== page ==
>
        I suppose you mean *-dhro-.

        > > This of course raises the question of the actual etymology of the
        root
        > > *Vulc- ~ *Mulc-, (as you suggest) possibly 'to melt, to soften'.
        >
        > I proposed no such vacillating root. My argument involved only
        <mulceo:> and words to which it might be related through known
        soundlaws.
        >
        My own interest lies on the etymology of Vulca:nus and its possible
        relation with <mulceo:>

        > > But Etruscan has *marx-, with a different vocalism, so a borrowing
        is
        > > still possible.
        >
        > Onomastic evidence is overwhelmingly against such a change in vocalism
        when Latin borrows from Etruscan; cf. Lat. Larcius, Largius = Etr.
        Larcna, etc.
        >
        I still see this root is a good candidate to be a loanword.
      • Richard Wordingham
        ... But your post strongly suggested it was. I had to reread carefully to be sure that Douglas wasn t proposing it. ... Have you some other explanation? ...
        Message 3 of 14 , Jun 19, 2010
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          --- In cybalist@yahoogroups.com, "Tavi" <oalexandre@...> wrote:
          > --- In cybalist@yahoogroups.com, "dgkilday57" <dgkilday57@> wrote:

          > > I neither stated nor implied that <Vulca:nus> is etymologically
          > related to <Mulciber>.
          >
          > Of course, you didn't, because this was my own hypothesis.

          But your post strongly suggested it was. I had to reread carefully to be sure that Douglas wasn't proposing it.

          > > Also, note that intervocalic *-bH- regularly becomes Latin -b-; it is
          > P-Italic which shows -f-. In Latin objective compounds with <-fer>, like
          > <signifer>, the -f- has been introduced from the simplex <fero:> by
          > analogy of <armiger> to <gero:>, etc.

          > Possibly.

          Have you some other explanation?

          > > The proposal that <Mulciber> is to <mulceo:> as <latebra> is to
          > <lateo:>, of native Latin origin with the implemental suffix
          > *-dHlo-/-dHla:-, is far more plausible than groping in the dark for
          > borrowing from an unidentified language.

          > I suppose you mean *-dhro-.

          No reason to - see http://tech.groups.yahoo.com/group/cybalist/message/29858 et seq. for a discussion of the suffix -tlo/-thlo or -tlo/-dHlo and its conditionally rhotacised version. For Latin, so far as I am aware, the rhotacisation could be PIE or Latin - recall the conditioned alternant -a:ris of -a:lis.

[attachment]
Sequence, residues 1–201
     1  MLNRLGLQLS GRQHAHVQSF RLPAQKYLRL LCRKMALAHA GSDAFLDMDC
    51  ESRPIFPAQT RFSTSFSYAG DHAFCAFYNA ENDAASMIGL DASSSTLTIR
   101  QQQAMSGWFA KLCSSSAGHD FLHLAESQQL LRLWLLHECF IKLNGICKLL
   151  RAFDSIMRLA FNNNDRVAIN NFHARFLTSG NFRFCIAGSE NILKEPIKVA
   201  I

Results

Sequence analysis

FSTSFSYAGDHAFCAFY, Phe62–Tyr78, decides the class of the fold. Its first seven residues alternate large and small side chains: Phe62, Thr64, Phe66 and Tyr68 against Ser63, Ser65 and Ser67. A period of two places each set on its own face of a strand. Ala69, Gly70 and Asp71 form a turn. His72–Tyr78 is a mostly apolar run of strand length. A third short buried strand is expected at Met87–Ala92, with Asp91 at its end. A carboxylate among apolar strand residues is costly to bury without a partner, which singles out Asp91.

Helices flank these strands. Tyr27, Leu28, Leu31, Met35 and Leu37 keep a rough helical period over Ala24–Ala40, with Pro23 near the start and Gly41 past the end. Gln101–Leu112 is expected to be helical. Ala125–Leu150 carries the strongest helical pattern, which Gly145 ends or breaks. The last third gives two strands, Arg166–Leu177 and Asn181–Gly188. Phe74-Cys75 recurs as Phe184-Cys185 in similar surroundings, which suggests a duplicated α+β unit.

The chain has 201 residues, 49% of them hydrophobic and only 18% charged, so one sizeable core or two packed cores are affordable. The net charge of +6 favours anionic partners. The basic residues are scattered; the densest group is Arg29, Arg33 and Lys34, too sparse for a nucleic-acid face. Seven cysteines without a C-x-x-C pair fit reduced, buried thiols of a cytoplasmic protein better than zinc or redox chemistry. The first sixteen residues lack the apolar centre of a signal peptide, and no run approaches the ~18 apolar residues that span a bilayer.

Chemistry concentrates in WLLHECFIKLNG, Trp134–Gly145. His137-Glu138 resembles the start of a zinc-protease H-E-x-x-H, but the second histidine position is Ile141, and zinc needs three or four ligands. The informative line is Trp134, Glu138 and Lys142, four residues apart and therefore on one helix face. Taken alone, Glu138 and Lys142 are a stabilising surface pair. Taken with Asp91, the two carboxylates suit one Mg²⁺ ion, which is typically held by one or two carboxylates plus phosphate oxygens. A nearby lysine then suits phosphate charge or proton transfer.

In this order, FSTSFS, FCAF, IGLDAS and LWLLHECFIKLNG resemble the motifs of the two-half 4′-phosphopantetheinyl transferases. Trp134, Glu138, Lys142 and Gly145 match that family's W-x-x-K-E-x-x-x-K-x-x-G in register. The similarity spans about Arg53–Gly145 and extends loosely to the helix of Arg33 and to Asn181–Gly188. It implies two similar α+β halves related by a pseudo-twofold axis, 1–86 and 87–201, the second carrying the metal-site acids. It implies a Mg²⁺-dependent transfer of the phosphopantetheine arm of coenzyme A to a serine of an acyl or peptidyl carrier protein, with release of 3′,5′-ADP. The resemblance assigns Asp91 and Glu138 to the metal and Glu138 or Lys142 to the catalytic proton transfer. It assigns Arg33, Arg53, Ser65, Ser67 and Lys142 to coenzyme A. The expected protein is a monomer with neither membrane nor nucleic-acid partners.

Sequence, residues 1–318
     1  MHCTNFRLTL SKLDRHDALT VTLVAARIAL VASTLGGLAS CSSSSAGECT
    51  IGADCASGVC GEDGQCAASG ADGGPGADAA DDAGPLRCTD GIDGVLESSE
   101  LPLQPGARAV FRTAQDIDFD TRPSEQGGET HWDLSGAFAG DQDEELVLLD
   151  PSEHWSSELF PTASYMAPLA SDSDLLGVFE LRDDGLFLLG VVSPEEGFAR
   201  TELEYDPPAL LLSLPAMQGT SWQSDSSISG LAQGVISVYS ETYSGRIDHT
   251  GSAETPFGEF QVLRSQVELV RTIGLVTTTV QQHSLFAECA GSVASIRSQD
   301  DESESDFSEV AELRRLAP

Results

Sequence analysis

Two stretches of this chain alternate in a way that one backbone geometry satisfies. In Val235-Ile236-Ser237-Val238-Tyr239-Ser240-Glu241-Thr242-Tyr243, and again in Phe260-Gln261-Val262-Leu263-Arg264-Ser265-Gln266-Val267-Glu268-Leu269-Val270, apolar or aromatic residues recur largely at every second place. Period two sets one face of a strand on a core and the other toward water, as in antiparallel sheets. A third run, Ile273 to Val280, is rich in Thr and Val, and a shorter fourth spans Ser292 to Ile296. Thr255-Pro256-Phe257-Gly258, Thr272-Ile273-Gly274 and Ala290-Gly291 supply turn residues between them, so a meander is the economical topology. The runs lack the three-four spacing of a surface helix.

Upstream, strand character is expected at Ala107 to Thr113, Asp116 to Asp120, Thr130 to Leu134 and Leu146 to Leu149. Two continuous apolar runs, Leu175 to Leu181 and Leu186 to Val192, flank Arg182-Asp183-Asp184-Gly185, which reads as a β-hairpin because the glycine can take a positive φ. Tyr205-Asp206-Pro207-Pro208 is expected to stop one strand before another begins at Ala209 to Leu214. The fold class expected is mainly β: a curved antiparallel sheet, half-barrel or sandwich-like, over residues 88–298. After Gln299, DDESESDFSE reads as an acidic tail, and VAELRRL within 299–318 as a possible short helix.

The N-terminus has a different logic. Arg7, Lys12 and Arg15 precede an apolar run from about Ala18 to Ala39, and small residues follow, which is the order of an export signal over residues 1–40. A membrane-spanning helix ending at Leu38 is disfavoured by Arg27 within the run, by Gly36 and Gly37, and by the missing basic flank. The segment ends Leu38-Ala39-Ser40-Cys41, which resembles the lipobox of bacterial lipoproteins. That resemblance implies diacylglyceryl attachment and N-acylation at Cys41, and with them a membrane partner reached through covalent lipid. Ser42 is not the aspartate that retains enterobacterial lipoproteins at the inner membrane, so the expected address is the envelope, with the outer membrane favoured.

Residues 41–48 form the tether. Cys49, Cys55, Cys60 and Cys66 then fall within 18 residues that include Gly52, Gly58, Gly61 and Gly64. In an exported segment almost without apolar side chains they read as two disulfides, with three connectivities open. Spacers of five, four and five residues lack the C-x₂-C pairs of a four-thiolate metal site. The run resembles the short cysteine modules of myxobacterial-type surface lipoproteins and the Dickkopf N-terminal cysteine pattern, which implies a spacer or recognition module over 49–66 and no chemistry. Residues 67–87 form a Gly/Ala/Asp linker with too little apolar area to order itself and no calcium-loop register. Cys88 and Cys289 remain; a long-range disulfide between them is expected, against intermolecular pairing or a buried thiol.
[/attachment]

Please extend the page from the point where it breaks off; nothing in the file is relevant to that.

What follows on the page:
Richard.
        • Tavi
          ... http://tech.groups.yahoo.com/group/cybalist/message/29858 et seq. for a discussion of the suffix -tlo/-thlo or -tlo/-dHlo and its conditionally rhotacised
          Message 4 of 14 , Jun 20, 2010
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            --- In cybalist@yahoogroups.com, "Richard Wordingham" <richard.wordingham@...> wrote:

            >
            > No reason to - see http://tech.groups.yahoo.com/group/cybalist/message/29858 et seq. for a discussion of the suffix -tlo/-thlo or -tlo/-dHlo and its conditionally rhotacised version. For Latin, so far as I am aware, the rhotacisation could be PIE or Latin - recall the conditioned alternant -a:ris of -a:lis.
            >
            It seems this *tl ~ *tHl ~ *dhl cluster was actually some kind of lateral consonant in PIE, whose result could be either /l/ or /r/, depending on conditions.

          • Tavi
            ...
            Message 5 of 14 , Jun 23, 2010
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              --- In cybalist@yahoogroups.com, "dgkilday57" <dgkilday57@...> wrote:

              >
              > An IE root *merk^- is found in the zero-grade in Sanskrit <mr.s'áti> 'he
              touches, grasps, handles' and in Greek <brakeîn> 'to come together, meet,
              assemble', <bráketon> 'crowd', <bráttein> (*brákyein) 'to fill, load heavily'
              and <dusbrákanos> 'hard to handle'.
              >
              > > The Greek word has a doublet parptó: 'to catch, seize, lay, hold off,
              overtake'. Beekes then devises a Pre-Greek root *mr(a)kW- > brap-, brak- with
              different outputs of the labiovelar cluster.
              >
              > Beekes's error of making only superficial changes to Furne'e's completely
              wrong-headed Pre-Greek reconstructive methodology is most unfortunate, but such